Of course I didn’t want to keep working for her and I looked for something else beginning in 2008, at the height of the recession. I didn’t get to leave until 2011, when she (thank God) laid me off. I got a much better job 5 months later.
      So even if you know you don’t deserve it, it can take a while. I was lucky to have supportive colleagues and outside activities that helped me stay cheerful. Even so, the stress had gotten so bad I was on the verge of quitting with no job lined up and no money.

      1. Hills to Die on

        I have worked really hard to guarantee that I have the finances can just up and leave if I need to. It has taken a lot of time and hasn’t always been within my control. Things happen. But once you get there, it’s an amazing feeling.

        1. Chinookwind

          Like Hills to Die On, I have worked hard to have a nest egg that means I can leave if I need to or, more importantly, speak up without fear. Having lived pay cheque to pay cheque and learned how to pawn belongings, I have put up with toxic workplaces and toxic bosses. Heck, professionalism and feeling responsible for how it would affect my students (as well as my housing being tied directly to it) kept me in a toxic school environment a month longer than was healthy or safe.

          But now I am in a position where I am safe to speak up as the consequences will not destroy me or others. As a result, I almost feel it is my responsibility to do so (or at least protect others) because I know why so many others won’t or can’t. And it has surprised me how, sometimes, having only one person speak up can be what it takes for the behaviour to change or at least shift focus.

    4. Carbovore

      OP here–You are correct.

      I have been here 6 years (I was Miranda’s admin for 5 of those years until my recent promotion which has actually relieved a lot of stress from horrible work/personal boundary blurring).

      The other high performer who has, in my opinion, gotten the worst of Miranda’s ire this past year is what we colloquially in the office call the “#2” position. As in, she’s Miranda’s deputy. Being Miranda’s deputy is… near impossible for most productive, sane human beings. In the 6 years I have been here, Miranda has driven away 3 deputies. She is now on her 4th who, if not for some personal issues of her own, probably would have left by now too. We sadly have come to expect deputies to only stay around 1 to 2 years because that’s usually about the length of time it takes them to figure out the severity of Miranda’s abuse and that the rest of the job/benefits just aren’t worth staying.

      In case any of you are wondering why I’ve endured as long as I have–well, I have found that this job really ticks most boxes for me and has been (unfortunately) worth the abuse. I love what I do (majority of the time!), I enjoy the majority of people I work with, and I find it fulfilling. Salary and benefits are great. I just can’t go through with being chased out of this job that I so much enjoy were it not for her abusive management. (This is not to say I don’t still peruse listings and haven’t interviewed for other opportunities here and there…)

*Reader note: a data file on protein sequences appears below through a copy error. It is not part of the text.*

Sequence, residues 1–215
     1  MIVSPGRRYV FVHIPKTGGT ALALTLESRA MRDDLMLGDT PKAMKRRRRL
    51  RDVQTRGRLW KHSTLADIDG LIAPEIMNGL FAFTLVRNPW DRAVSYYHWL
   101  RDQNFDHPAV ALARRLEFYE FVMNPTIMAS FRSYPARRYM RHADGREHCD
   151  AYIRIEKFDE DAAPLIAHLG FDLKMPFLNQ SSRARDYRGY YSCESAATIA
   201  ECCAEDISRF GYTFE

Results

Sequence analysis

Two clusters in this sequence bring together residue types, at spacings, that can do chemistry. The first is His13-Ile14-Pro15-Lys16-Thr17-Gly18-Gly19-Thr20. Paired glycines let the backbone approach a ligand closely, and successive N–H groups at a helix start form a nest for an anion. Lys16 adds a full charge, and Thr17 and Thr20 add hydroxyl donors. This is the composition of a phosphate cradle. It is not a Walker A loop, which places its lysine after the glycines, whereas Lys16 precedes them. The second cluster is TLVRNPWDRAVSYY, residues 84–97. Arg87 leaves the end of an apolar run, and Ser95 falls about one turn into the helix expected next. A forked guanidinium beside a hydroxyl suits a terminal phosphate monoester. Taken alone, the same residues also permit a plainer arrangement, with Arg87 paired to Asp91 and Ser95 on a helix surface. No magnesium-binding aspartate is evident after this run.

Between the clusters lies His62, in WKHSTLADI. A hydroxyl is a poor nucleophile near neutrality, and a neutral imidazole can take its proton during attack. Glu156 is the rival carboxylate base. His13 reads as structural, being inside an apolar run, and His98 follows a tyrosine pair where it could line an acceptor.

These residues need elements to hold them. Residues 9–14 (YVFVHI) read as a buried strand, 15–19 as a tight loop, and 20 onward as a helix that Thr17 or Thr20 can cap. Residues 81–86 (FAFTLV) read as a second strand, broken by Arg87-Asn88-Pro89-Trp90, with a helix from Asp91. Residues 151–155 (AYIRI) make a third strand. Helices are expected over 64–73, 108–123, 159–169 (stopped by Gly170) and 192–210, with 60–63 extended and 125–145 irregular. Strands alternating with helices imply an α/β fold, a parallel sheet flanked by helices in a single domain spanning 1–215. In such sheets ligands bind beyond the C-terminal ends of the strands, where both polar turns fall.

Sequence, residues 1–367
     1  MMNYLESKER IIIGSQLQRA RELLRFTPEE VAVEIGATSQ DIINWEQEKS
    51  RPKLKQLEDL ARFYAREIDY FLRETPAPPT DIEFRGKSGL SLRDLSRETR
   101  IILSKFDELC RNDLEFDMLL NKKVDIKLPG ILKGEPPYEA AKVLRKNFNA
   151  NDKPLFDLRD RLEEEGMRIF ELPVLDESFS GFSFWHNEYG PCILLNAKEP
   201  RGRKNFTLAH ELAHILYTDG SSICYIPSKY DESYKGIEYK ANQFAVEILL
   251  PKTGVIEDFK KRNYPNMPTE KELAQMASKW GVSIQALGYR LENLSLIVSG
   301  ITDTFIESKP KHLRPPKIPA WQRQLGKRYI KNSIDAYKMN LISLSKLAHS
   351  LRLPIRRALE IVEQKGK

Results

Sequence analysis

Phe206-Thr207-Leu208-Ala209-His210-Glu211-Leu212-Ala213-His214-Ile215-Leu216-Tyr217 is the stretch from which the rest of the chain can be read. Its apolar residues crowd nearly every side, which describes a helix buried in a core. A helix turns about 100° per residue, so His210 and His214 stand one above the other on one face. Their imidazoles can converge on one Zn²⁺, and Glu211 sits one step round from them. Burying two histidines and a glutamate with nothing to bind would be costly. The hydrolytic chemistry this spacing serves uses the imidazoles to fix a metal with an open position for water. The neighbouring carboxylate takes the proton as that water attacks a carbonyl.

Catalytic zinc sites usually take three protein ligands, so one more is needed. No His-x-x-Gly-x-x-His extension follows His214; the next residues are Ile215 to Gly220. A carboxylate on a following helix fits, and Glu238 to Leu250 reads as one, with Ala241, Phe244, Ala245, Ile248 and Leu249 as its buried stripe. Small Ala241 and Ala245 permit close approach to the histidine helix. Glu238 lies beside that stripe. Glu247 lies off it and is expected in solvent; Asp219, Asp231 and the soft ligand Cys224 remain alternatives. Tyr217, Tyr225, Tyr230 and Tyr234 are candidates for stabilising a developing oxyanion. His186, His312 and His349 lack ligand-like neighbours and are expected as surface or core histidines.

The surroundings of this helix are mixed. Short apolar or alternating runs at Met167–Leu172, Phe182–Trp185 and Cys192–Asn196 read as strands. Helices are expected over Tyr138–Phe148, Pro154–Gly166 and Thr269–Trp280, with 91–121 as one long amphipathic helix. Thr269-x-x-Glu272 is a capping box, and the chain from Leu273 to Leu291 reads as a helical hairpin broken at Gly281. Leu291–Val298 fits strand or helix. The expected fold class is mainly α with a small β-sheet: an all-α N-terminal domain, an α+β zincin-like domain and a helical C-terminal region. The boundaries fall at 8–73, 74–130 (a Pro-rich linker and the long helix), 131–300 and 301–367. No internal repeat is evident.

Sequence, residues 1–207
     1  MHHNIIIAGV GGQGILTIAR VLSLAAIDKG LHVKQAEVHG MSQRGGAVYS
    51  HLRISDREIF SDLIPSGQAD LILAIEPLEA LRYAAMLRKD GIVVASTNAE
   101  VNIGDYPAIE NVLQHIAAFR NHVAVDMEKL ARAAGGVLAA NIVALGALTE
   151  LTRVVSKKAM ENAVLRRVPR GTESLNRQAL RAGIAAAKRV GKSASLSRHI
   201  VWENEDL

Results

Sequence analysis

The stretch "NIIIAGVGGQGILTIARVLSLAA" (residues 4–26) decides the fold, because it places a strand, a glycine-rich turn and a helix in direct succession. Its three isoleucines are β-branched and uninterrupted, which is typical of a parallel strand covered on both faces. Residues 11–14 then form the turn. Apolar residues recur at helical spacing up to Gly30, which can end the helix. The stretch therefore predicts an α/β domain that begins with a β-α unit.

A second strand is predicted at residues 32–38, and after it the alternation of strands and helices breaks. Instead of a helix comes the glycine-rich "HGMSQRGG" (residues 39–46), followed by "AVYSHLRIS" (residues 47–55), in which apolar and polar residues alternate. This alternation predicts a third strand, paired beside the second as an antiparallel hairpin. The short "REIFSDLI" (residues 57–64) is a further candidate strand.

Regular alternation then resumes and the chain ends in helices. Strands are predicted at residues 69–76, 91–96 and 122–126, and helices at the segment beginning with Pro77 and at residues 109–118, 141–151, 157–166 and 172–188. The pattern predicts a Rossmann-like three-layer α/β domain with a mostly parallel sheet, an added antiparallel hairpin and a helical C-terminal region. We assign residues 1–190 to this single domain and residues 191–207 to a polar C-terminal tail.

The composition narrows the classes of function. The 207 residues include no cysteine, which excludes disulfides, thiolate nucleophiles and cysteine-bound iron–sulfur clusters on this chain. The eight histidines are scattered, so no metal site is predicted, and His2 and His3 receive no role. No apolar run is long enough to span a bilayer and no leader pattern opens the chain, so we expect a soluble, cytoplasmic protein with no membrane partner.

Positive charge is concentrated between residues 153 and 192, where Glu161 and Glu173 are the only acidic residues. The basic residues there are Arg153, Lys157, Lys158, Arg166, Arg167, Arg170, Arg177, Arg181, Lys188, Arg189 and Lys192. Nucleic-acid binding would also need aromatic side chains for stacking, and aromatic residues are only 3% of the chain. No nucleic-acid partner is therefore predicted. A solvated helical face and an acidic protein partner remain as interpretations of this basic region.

1. chi type

        I understand the calculation you’ve done but none of what you list here is that extraordinary. I think you can find all of this minus the abuse!

    5. Windchime

      In my case, 21 people have churned through an 11 person department over the course of about 4 years. (4 of those 11 were manager who, of course, stayed throughout it all). I think there are only 2 original people left on the team; everyone else either transferred, quit, or was fired.

      Old job finally, just last week, fired the Director who was responsible for running the entire department. Finally.

        1. Cercis

          I am, and even then. But it’s because I have a conscience and the companies hiring don’t. So, I make a bit here and there consulting and teaching.

    1. Carbovore

      Oh! How funny. I answered this just above (OP here!). Hope you don’t mind the copying and pasting: “In case any of you are wondering why I’ve endured as long as I have–well, I have found that this job really ticks most boxes for me and has been (unfortunately) worth the abuse. I love what I do (majority of the time!), I enjoy the majority of people I work with, and I find it fulfilling. Salary and benefits are great. I just can’t go through with being chased out of this job that I so much enjoy were it not for her abusive management. (This is not to say I don’t still peruse listings and haven’t interviewed for other opportunities here and there…)”

    2. chi type

      Toxic work situations are not unlike abusive relationships. People stay because it’s not all bad all the time and the good aspects allow you to rationalize that just this one little thing needs to be fixed whereas everyone on the outside can see that the one little thing is an appalling dealbreaker.

  11. Matt

    I have to ask the OP what has been your motivation for sticking around in this ultra-toxic environment? What do you get out of your job that justifies putting up with this horrible manager?

    1. Persimmons

      My instinct was that the fake name was chosen on purpose to highlight LW’s reasoning. (I.e., she had to work for THAT WOMAN, but it’s Vogue. Put up with it long enough and you open doors everywhere.)

      1. Persimmons

        * Not that I think she’s actually literally reporting to Wintour, but that sort of scenario.

      2. Carbovore

        OP here–you caught me. It’s completely a Devil Wears Prada reference.

        (My coworkers and I joke that she is a more bombastic Miranda because remember, Miranda in the movie never actually yelled!)

        We have literally a few times yelled into the suite, “SHE’S COMING! GIRD YOUR LOINS, PEOPLE.”

    2. PeanutbutterJellyTime